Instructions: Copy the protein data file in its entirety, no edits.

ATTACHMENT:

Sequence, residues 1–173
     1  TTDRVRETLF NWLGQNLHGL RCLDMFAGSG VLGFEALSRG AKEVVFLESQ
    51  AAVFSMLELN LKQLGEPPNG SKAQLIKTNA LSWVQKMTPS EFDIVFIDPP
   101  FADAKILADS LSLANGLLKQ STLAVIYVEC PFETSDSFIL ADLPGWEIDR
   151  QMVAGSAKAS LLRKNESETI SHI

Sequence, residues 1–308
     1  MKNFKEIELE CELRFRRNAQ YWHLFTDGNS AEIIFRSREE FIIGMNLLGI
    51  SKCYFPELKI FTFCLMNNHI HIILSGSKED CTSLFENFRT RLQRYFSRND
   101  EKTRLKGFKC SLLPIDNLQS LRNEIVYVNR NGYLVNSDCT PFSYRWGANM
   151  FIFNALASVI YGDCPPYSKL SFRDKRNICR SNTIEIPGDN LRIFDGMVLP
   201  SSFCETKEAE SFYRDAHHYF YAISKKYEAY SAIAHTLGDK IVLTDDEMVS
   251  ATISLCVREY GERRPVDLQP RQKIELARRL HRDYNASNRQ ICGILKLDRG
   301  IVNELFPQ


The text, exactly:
Sequence, residues 1–173
     1  TTDRVRETLF NWLGQNLHGL RCLDMFAGSG VLGFEALSRG AKEVVFLESQ
    51  AAVFSMLELN LKQLGEPPNG SKAQLIKTNA LSWVQKMTPS EFDIVFIDPP
   101  FADAKILADS LSLANGLLKQ STLAVIYVEC PFETSDSFIL ADLPGWEIDR
   151  QMVAGSAKAS LLRKNESETI SHI

Sequence, residues 1–308
     1  MKNFKEIELE CELRFRRNAQ YWHLFTDGNS AEIIFRSREE FIIGMNLLGI
    51  SKCYFPELKI FTFCLMNNHI HIILSGSKED CTSLFENFRT RLQRYFSRND
   101  EKTRLKGFKC SLLPIDNLQS LRNEIVYVNR NGYLVNSDCT PFSYRWGANM
   151  FIFNALASVI YGDCPPYSKL SFRDKRNICR SNTIEIPGDN LRIFDGMVLP
   201  SSFCETKEAE SFYRDAHHYF YAISKKYEAY SAIAHTLGDK IVLTDDEMVS
   251  ATISLCVREY GERRPVDLQP RQKIELARRL HRDYNASNRQ ICGILKLDRG
   301  IVNELFPQ